This one is borrowed directly from the Oxford English Dictionary, which today informs us that Pisteology is ‘A theory or science of faith’. From the few citations given by the dictionary, it seems a) that it didn’t really catch on (one to try and rectify!), and b) that it implicitly refers to Christianity.
Since the OED dates first use to 1880, it’s not a term which the early modern men and women we study would have recognised. Still, it chimes interestingly with a question that’s dogging my own research: what is the difference between the study of religion and the study of belief? Is it possible to excavate (especially at such a historical distance) the operations and experience of faith as well as its articulation and performance? And what is the connection between pisteology and piscatology (fishing)?
Kathleen Lynch’s Protestant Autobiography in the Seventeenth-Century Anglophone World, published by Oxford University Press earlier this year, is a major new study of early modern spiritual autobiography, with a particular emphasis upon the testimonies collected together, discussed, and laid out in print by members of England’s and America’s gathered churches in the mid-seventeenth century. Continue reading
As a part of the project’s ongoing investigation into different sources concerned with conversion it seems pertinent to ask whether the texts we are examining constitute a genre? Continue reading
An earlier blog ( July 1, Conversion Problems of Definition) mentioned the wide variety of definitions of conversion that were employed by the participants in the Conversion ‘Narratives in the Early Modern World’ conference. As Abi notes, the list of suggestions give an indication of the sheer complexity of religious experience during this period. Continue reading
There’s a very fun blog called The Page 99 Test, which aims to apply Ford Madox Ford’s dictum ‘Open the book to page ninety-nine and read, and the quality of the whole will be revealed to you’ to a whole host of texts. Continue reading
A conference at Bath Spa University will explore what it meant to be neighbours in medieval and early modern Europe. The conference Call for Papers includes the idea of neighbours facing each other not across fences (most early modern houses were notoriously lacking in private space or well-demarcated boundaries) but across confessional divides, when neighbours belonged to different churches. Continue reading
In 1652, London’s first coffee house opened its doors. Historians have celebrated the vibrant coffee-house culture of the early modern period, and have argued that coffee houses offered a venue which made possible new kinds of political debate and participation in a developing public sphere. A slightly different companion story is, however, suggested in the nickname the first coffee house quickly gained amongst the local community: the Turk’s Head. Continue reading
The story of the conversion of the Roman Empire under the emperor Constantine is a well-known foundation narrative for the Western church. Constantine famously saw a vision of a cross bearing the words Hoc Signo Vinces (by this sign you will conquer) before going into battle against the rebel Maxentius. Constantine would sign the Edict of Milan in 313 AD proclaiming religious toleration in the Empire, and thus ensuring that Christians could worship freely. The process of Constantine’s conversion is now accepted as more gradual than the tale of his vision on the battlefield would suggest; his mother Helen was a Christian, but Constantine did not officially declare his adherence to the faith until he was in his forties.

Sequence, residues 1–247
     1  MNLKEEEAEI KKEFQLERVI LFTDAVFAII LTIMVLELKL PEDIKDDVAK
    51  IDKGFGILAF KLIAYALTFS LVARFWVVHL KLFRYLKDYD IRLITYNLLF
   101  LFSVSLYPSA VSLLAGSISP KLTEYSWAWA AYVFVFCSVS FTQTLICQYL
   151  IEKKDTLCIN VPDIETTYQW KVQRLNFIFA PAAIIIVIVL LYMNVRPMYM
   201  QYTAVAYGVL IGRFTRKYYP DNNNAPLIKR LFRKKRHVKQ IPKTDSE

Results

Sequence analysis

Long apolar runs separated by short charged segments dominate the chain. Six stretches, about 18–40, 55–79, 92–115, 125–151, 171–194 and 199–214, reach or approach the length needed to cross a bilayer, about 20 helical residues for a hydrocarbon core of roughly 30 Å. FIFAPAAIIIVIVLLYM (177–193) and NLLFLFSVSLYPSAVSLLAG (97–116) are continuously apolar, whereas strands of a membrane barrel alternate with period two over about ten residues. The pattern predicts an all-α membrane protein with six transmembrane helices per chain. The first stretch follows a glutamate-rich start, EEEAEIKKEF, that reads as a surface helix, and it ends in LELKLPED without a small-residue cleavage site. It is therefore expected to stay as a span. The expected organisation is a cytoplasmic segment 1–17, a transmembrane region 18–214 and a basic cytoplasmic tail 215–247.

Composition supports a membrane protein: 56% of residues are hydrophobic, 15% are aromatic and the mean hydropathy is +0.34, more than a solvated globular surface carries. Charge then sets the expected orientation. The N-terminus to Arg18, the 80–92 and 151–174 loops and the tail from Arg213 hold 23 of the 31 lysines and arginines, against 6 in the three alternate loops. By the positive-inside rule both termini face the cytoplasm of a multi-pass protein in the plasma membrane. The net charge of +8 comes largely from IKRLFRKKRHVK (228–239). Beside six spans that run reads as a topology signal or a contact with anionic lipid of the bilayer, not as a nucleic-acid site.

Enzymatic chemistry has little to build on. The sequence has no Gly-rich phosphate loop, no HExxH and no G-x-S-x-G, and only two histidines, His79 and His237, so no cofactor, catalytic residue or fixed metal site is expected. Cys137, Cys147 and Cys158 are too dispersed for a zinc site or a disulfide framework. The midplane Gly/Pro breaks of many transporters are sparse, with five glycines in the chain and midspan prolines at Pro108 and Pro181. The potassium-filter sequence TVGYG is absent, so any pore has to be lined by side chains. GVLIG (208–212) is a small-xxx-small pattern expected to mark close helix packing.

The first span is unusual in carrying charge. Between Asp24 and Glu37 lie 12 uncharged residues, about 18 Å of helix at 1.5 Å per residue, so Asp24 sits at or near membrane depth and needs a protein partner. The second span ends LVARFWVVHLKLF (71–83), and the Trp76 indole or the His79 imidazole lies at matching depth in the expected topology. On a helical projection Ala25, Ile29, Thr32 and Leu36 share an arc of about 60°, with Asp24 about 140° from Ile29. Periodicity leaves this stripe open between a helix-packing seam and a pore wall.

There is an interesting African parallel to this story of a conversion of a king: one which would bring about the rise of the Ethiopian church, now one of the oldest Christian churches in the world. Continue reading
The Conversion Narratives team, in collaboration with the Folger Shakespeare Library, invite expressions of interest from scholars who are keen to be part of a small series of panels or round table events addressing the theme of early modern conversion narratives at next year’s Renaissance Society of America conference in Washington DC. Continue reading
‘Although they [the Jews] agree with the Turke in circumcision, detestation of Images, abstinency from swines-flesh, and divers other ceremonies: neverthelesse the Turkes will not suffer a Jew to turne Mahometan, unlesse he first turne a kind of Christian.’
George Sandys, A Relation of a Journey Begun Anno Dom. 1610, Observations of the Egyptians and Jews.
George Sandys was a poet and travel writer who visited Venice, Turkey, Egypt and Palestine. As a member of the Virginia Company he also spent time in the North American colony. In the above quote from the Relation Sandys describes how Jews seem to have much in common with Muslims, but that if a Jew wishes to convert to Islam they must first become Christian. This succeeds in placing Judaism at the foot of a hierarchy of faith, but also indicates that the movement between religions could be very complex indeed. Sandys’ account has to be taken with a pinch of salt, but it raises the question of whether conversion between the three religions of the book was ‘equal’. For instance would a Jewish convert to Christianity be more acceptable than a Muslim? Were converts from the Americas who were often described as having no faith, a more desirable catch than Europeans who had been polluted with heresy?